It was mid-August. Since leaving Glacier National Park at the end of June, we were moving east at a faster-than-normal pace. Seventeen camping spots in seven weeks. Our stay at Horseshoe Lakes RV Campground in Clinton, Indiana—just outside of Terre Haute and in the middle of a cornfield—was for two and a half weeks in one place.

It was quiet. Almost too quiet. And the heat and humidity rivaled our home state of North Carolina. The highlight, by far, was that our stay overlapped for one week with our friends, Liz and Paul. We visited with them several times before they headed south, driving into Terre Haute for lunch at the Grand Traverse Pie Company (a referral from Rachel who interned in Terre Haute), and helping Liz with her dog, Mango, who needed some emergency veterinary care. Mostly, we retreated into our Airstream to bask in its coolness (literally and figuratively!).

Another highlight was driving about two hours to the Indianapolis Motor Speedway, and we have the VIP Grounds Tour button to prove it. It was first built in 1909 and has grown into an international destination location for auto racing enthusiasts over the past 100 years. A tour around the track and into the pagoda at the finish line, kissing the bricks (so to speak…), exploring the track’s inner circle, and visiting the museum made this a worthwhile trip in a relatively lonely section of Indiana.

As we headed toward Kentucky, I was determined to visit a couple of the national monuments that are in my Passport book for national parks. I love this book because I am discovering national parks and monuments I didn’t know existed. Another great resource is the National Park Service’s app (NPS – free). The beauty of the Passport book is getting the date stamp with the park’s name in it. It is a handy tool to keep track of when and where we’ve been and a nice keepsake for the future.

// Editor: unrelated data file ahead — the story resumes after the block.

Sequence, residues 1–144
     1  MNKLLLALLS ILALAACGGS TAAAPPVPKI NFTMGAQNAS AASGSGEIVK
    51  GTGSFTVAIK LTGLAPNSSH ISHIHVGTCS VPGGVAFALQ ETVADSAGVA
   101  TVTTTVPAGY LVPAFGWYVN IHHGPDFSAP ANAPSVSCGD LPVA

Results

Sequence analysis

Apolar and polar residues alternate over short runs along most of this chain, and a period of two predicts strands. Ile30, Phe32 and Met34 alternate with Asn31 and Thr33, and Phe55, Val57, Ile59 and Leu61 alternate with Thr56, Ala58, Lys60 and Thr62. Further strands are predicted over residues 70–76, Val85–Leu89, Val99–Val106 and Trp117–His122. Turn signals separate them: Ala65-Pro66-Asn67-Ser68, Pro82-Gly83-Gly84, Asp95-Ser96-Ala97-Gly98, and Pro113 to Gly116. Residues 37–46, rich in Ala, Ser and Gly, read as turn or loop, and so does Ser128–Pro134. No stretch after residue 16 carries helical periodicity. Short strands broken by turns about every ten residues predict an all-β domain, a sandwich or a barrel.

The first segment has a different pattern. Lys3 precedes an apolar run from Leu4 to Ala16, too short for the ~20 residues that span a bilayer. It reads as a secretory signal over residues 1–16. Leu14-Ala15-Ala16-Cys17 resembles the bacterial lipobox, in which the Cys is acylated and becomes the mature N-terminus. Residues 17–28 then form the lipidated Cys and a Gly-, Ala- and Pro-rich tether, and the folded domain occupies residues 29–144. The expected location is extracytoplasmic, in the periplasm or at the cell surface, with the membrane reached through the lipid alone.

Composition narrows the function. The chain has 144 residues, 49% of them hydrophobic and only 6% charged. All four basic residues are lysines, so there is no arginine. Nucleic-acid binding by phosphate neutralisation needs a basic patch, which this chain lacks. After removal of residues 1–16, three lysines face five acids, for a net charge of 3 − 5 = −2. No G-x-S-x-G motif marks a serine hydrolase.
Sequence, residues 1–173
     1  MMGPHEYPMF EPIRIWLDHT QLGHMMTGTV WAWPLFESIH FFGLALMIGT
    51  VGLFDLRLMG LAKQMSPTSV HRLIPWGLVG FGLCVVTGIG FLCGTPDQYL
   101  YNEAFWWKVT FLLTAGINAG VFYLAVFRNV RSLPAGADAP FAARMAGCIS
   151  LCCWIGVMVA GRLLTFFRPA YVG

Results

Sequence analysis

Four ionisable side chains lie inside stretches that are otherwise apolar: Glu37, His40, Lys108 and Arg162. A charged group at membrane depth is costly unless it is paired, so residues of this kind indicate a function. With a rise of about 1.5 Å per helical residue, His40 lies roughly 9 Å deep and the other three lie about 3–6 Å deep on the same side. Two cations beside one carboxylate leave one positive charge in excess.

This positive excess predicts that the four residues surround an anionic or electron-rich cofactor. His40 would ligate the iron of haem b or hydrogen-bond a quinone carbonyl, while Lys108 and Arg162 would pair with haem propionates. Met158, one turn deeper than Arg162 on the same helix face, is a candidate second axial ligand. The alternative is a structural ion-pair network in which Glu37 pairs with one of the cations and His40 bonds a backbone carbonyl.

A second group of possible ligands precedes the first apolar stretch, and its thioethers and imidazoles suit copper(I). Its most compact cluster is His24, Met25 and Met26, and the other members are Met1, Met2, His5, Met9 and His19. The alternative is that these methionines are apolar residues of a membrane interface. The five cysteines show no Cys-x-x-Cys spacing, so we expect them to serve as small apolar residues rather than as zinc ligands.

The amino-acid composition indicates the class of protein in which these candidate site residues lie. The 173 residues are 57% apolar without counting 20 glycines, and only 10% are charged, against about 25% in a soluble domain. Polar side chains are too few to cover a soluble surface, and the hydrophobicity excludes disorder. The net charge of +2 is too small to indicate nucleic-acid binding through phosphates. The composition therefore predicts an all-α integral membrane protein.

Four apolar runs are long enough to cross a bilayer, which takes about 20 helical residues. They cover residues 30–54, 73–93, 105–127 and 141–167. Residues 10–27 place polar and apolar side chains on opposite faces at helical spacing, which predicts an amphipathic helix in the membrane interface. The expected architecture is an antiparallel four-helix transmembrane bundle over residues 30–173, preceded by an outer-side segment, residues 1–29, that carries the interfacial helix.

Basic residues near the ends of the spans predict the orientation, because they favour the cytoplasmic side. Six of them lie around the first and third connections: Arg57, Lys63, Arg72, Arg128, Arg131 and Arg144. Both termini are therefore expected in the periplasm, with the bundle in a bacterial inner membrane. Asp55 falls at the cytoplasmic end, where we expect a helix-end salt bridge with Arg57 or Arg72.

One Indiana visit was to the George Rogers Clark National Historical Park. We didn’t know who he was, but now we do. No history lesson here as there are many resources for those interested to learn more, but he was instrumental in our success during the Revolutionary War. He is also a brother to William Clark of the Lewis and Clark explorers. This historic park is situated on the bank of the Wabash River. A beautiful setting, an interesting memorial, and an informative museum and film.

Another visit was to the Lincoln Boyhood National Memorial. Points of interest included the boyhood cabin site memorial, the grave site of his mother, the trail of twelve stones, and the living historical farm just a few steps from the cabin site. The trail of twelve stones is a trail of stone markers memorializing important moments in Lincoln’s life.

Indiana might not have grand vistas on which the eyes can feast, but it is rich in history—both culturally and politically. Just don’t get lost in the cornfields!

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